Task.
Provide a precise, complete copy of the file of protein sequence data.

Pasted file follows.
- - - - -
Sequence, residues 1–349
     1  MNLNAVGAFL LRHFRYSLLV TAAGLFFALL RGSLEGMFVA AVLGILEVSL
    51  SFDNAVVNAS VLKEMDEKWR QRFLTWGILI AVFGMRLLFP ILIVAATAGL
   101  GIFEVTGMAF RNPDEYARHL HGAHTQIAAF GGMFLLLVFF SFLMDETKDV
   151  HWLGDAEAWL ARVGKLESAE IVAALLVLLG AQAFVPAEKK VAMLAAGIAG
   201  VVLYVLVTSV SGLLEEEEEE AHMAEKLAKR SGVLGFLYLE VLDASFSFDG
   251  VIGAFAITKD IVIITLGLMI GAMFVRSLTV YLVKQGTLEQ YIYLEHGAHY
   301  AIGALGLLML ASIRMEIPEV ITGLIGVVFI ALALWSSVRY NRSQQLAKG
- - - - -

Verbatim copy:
Sequence, residues 1–349
     1  MNLNAVGAFL LRHFRYSLLV TAAGLFFALL RGSLEGMFVA AVLGILEVSL
    51  SFDNAVVNAS VLKEMDEKWR QRFLTWGILI AVFGMRLLFP ILIVAATAGL
   101  GIFEVTGMAF RNPDEYARHL HGAHTQIAAF GGMFLLLVFF SFLMDETKDV
   151  HWLGDAEAWL ARVGKLESAE IVAALLVLLG AQAFVPAEKK VAMLAAGIAG
   201  VVLYVLVTSV SGLLEEEEEE AHMAEKLAKR SGVLGFLYLE VLDASFSFDG
   251  VIGAFAITKD IVIITLGLMI GAMFVRSLTV YLVKQGTLEQ YIYLEHGAHY
   301  AIGALGLLML ASIRMEIPEV ITGLIGVVFI ALALWSSVRY NRSQQLAKG